It’s hard to imagine Pedro Almodovar playing a crucial role in a literacy drive in India. But Brij Kothari, associate professor at IIM Ahmedabad’s Centre for Educational Innovation, likes to thank the Spanish filmmaker for planting a seed in his brain that grew into a full-fledged educational project. Watching Almodovar’s classic Women on the Verge of a Nervous Breakdown in between finishing his doctoral thesis at Cornell University, New York, in 1996, Kothari found himself wishing the English subtitles had been in Spanish instead. “As a new learner of Spanish, it would have helped me ‘hear’ the dialogues better and hence improve my grasp of the language,” he recollects. That was when Kothari first began wondering whether subtitled Hindi film songs could be used as a tool to spread functional literacy in India. A decade-and-a-half later, that fleeting thought has grown into a successful literacy initiative playing out quietly in small towns and villages across India.
The logic is simple: there are over 650 million TV viewers and Bollywood is a passion for most. Harnessing these two realities together, Kothari’s team at PlanetRead (a non-profit organisation he set up) subtitles film music programmes on Doordarshan, like Rangoli and Chitrahaar in Hindi, Chitrageet in Marathi and Filmy Sargam in Gujarati to take reading practice to millions of homes.
“It’s a cost-effective and fun mode of teaching,” Kothari says, and we get a glimpse of that in the dusty Bharkunda village, about 40 km from Ahmedabad. We walk along narrow alleys, past the panchayat room and mandir in this village of 200 houses and 1,100 residents, to reach the freshly cleaned courtyard of Mahodji Thakur’s home. Here, a rundown Sansui TV, caringly covered with a plastic sheet, occupies pride of place amidst several sacks of rice atop a huge canister. Photos of several gods and goddesses stare down from the walls, a fan screeches above and Jeetendra sings “Bade bewafa hain ye husnwale.” The gaze of the gathered villagers is fixed on the screen where, besides the song, its subtitled lyrics stream along at the bottom.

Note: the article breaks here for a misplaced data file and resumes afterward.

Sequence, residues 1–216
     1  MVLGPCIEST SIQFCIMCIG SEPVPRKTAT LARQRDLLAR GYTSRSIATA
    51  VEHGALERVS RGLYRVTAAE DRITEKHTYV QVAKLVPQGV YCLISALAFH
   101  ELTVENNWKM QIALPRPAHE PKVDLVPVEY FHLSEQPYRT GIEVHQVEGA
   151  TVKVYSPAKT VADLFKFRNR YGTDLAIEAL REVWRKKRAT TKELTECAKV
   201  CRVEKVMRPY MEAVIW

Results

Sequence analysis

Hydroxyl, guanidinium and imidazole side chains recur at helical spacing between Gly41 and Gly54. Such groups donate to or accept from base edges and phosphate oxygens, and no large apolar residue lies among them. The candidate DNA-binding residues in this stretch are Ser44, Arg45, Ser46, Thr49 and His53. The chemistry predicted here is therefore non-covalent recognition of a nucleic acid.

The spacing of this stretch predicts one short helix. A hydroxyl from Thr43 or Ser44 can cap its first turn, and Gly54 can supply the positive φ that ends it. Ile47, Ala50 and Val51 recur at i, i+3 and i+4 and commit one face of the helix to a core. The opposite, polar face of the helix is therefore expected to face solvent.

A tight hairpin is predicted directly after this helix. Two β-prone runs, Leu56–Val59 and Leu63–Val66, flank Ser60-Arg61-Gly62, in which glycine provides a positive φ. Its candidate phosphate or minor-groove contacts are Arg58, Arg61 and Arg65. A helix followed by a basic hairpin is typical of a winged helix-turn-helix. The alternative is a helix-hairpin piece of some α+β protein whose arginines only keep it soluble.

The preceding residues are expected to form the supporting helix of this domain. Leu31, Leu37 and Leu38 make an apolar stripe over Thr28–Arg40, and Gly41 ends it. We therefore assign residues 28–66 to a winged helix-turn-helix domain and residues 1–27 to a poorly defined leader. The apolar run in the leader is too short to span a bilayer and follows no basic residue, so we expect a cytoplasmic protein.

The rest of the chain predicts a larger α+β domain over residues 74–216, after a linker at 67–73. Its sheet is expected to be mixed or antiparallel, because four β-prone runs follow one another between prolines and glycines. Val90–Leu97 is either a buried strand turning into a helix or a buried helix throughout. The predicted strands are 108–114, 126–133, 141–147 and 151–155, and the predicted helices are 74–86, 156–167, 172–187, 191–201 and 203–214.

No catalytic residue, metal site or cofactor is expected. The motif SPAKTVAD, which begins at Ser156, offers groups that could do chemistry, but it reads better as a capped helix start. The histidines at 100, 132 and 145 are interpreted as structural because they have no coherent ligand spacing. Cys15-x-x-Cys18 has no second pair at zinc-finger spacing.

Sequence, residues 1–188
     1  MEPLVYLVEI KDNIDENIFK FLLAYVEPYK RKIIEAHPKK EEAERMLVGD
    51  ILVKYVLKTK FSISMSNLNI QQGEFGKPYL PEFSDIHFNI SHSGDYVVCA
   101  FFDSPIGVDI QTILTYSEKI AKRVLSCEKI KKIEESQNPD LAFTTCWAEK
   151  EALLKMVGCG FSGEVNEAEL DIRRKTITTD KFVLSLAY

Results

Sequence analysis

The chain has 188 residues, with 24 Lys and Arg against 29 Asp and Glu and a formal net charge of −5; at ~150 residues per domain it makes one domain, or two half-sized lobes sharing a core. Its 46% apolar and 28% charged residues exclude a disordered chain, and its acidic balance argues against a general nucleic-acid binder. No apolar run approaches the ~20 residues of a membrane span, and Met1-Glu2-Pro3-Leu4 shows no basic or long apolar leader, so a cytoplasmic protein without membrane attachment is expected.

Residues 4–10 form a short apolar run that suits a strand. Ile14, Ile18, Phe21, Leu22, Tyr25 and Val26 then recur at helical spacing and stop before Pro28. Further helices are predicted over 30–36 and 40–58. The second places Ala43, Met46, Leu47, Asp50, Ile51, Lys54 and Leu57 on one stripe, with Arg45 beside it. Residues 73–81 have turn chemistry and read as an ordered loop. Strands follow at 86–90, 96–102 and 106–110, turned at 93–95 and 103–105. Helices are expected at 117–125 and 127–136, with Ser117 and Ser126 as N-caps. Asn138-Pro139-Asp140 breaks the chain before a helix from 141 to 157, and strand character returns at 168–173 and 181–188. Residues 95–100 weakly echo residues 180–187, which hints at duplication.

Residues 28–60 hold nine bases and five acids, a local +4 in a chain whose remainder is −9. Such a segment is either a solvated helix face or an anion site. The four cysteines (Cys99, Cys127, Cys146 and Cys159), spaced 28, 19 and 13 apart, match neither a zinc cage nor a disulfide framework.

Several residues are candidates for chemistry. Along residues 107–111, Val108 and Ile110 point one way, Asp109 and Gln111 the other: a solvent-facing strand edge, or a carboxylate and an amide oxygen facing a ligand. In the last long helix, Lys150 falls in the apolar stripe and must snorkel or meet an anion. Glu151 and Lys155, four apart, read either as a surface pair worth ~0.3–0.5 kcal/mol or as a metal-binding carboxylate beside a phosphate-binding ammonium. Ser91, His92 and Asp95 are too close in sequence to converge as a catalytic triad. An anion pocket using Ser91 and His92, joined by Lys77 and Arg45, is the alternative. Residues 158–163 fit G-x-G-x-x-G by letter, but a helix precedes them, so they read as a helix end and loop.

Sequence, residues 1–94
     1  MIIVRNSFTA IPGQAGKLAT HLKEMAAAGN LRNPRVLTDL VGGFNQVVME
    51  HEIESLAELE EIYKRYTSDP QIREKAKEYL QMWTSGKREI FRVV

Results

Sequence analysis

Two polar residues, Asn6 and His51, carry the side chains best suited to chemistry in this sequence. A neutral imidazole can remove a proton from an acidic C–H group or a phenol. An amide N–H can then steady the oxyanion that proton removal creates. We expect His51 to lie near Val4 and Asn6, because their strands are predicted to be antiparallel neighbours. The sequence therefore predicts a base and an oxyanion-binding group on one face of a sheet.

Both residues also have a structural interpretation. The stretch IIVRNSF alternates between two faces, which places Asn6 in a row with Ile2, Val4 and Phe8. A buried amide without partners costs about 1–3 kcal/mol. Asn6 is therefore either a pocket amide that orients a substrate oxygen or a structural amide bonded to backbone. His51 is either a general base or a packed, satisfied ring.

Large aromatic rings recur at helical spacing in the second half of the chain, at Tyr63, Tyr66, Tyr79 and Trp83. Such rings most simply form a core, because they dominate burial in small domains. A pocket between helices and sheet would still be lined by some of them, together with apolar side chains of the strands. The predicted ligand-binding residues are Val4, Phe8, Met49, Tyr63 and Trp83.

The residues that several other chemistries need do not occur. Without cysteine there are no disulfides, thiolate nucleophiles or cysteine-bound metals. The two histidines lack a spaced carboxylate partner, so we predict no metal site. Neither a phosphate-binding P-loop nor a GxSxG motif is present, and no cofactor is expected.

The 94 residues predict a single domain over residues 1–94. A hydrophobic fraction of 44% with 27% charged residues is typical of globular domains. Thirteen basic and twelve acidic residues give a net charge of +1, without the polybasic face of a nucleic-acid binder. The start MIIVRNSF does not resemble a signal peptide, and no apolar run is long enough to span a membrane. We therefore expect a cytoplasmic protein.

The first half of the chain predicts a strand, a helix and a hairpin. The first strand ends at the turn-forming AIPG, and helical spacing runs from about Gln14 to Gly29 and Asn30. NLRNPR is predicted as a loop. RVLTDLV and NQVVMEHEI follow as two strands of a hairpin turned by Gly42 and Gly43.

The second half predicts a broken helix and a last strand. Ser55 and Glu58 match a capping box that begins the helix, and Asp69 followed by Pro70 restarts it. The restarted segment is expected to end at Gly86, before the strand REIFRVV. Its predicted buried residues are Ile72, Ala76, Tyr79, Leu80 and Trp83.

Among ‘early-literates’ who watched the subtitled programmes, newspaper reading went up by 50%.
“Bachchon ko bahut faayda hota hai (It benefits the kids a lot),” pipes up Pramilaben Nandubhai Thakur as we warm up to a discussion. This mother, who once dissuaded her children from watching film-based shows, is now more than happy at the happenings on the tube. For the primary schoolkids singing along as Madhuri Dixit heaves to “Dhak dhak karne laga” or Nana Patekar and Mallika Sherawat dance to “Kiya kiya”, things couldn’t get better. They may not know what karaoke means but shyly point out, “apne aap gaane ka man karta hai...gaana seekhne mein mazaa aata hai (we automatically feel like singing...we enjoy learning a song)”. It helps them remember the songs better; some even admit to writing the songs down in notebooks, in the process improving their writing skills as well as their reading ability in Hindi. “It complements classroom learning,” says researcher Hema Jadvani.